Selecting and Setting Up Goals Important to the Growth of Your Online Business

By Sergio Aicardi on April 6, 2015

When you talk about setting milestones and goals for tracking and measuring your online success, a vital and helpful tool is Google Analytics, and the associated “visual dashboards” you can setup to help you easily analyze the data. The reason for using Google Analytics goals is to measure business objectives, define specific reports, and then based on the data to take action to improve them.

Google Analytics has transformed itself over the years from a ‘nice to have’ software to a ‘must have’ application for tracking growth and long term success on the internet.  The first thing you need to consider, is what goals mean the most to your business or provide the most benefit in tracking?  Google Analytics allows tracking of up to four goals, as well as Events that take place on your website.

As for the sales process, visitors intentions of completing a purchase on your website may change due to uncontrollable circumstance, their phone may ring, the dinner bell may go off, or the baby might need changing.  This may result in that visitor bouncing off your site at the final stage of checkout, or in mid-stream of the process.  It is beneficial to know how visitors engage on your site, the pages they visit, how long they stay, and how many additional pages they visit before finally making a purchase, or completing a conversion, either a phone call or a contact form submission.

An important consideration is to make sure the “Call to Action” is tested for the highest engagement, and to make sure the means of communication are easily found when a visitor is compelled to buy, in fact, this Call to Action should be on each and every page, ideally in the same area of each page.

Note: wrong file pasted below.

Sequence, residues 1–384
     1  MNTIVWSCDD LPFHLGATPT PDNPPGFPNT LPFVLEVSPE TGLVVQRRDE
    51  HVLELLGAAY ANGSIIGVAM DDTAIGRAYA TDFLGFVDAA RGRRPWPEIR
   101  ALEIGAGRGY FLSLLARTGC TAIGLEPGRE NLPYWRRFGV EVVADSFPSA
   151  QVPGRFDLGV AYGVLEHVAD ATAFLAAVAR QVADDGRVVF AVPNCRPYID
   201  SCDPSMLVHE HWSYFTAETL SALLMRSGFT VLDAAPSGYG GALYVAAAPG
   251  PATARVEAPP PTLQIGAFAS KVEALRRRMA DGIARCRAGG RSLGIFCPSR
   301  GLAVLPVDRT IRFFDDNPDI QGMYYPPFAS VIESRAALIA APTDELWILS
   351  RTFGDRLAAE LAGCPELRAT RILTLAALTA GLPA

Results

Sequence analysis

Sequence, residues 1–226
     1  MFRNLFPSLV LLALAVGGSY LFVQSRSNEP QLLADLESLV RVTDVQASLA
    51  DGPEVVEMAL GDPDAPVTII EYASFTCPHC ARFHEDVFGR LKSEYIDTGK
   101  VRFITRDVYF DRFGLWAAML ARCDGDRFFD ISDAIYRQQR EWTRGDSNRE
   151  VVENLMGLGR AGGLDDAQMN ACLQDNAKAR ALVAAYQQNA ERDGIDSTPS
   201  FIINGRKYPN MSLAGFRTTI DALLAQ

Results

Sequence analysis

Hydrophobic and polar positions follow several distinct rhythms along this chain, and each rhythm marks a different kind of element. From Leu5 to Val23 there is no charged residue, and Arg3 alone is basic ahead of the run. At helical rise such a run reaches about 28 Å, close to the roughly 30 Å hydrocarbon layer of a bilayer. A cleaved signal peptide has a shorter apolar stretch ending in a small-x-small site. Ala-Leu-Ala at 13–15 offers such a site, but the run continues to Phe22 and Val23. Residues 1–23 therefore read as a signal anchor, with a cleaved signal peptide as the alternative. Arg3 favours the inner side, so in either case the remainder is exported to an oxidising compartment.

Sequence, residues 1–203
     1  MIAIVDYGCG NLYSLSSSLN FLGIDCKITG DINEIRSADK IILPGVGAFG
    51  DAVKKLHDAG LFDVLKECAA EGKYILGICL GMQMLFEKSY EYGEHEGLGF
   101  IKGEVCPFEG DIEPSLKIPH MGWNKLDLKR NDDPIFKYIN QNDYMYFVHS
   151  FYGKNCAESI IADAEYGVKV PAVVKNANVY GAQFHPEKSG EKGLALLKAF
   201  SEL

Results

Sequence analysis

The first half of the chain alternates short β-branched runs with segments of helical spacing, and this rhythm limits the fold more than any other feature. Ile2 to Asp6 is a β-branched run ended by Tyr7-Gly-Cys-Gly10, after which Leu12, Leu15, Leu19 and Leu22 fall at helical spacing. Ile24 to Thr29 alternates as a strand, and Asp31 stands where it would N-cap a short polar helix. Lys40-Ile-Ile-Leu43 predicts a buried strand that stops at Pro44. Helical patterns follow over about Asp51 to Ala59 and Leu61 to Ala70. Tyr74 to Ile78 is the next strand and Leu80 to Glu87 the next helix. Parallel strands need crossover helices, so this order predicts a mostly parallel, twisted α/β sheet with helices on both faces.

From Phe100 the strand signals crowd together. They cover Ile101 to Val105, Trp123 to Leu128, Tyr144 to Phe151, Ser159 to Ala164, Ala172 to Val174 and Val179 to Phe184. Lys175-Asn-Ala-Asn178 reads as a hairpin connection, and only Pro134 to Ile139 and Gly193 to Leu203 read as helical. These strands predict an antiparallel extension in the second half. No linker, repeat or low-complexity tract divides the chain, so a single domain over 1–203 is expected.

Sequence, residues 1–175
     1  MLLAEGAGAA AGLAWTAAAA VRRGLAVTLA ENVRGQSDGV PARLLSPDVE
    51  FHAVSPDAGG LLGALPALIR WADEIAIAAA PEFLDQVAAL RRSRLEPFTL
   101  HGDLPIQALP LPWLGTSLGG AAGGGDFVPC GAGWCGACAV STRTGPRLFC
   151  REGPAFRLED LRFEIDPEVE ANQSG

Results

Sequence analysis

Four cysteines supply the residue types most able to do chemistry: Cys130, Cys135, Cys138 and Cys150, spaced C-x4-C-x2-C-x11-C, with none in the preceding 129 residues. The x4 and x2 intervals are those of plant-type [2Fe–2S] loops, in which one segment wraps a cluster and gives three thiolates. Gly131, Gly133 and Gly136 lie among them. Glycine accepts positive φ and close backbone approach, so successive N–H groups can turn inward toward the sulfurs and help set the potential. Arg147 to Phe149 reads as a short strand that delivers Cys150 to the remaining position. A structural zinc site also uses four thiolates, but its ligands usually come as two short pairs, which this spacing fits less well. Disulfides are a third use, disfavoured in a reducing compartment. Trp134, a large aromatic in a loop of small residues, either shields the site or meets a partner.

Below is an image from Google Analytics showing the tracking of both phone calls and 2 types of form submits, one for the Main Contact Us page form, and the other for the “floating” contact form which is dynamic throughout the website.  It is advisable when creating a form to keep the information required as short as possible.  Ideally the main form will have more fields than the floating form, the floating form is mainly to get quick contact by requiring just a name, email, and phone, comments are optional.

30 Completed Goals-25 calls, 5 form submits

30 Completed Goals-25 calls, 5 form submits.

Ideally, if you are running both an “organic” campaign, (SEO), and a “paid” campaign, (PPC), you can setup a visual dashboard report to track uniquely the conversion of either campaign as indicated on the below image.

visual dashboard report

Here below are some other areas of consideration you can track effectively using Google Analytics:

  • Comments– This neat analytics goal is great for websites offering blog functionality and gets more users engaged in the conversation. You’ll need to track two main actions, ‘submit your comment’ and ‘post your comment’. In order to set the goal, you’ll need to track on click events.


  • Social Bookmarking– If you’re offering some sort of social bookmarking buttons on your site, you should know if it’s working and whether users are actually clicking on the widgets or button, and if so, which ones are the most popular?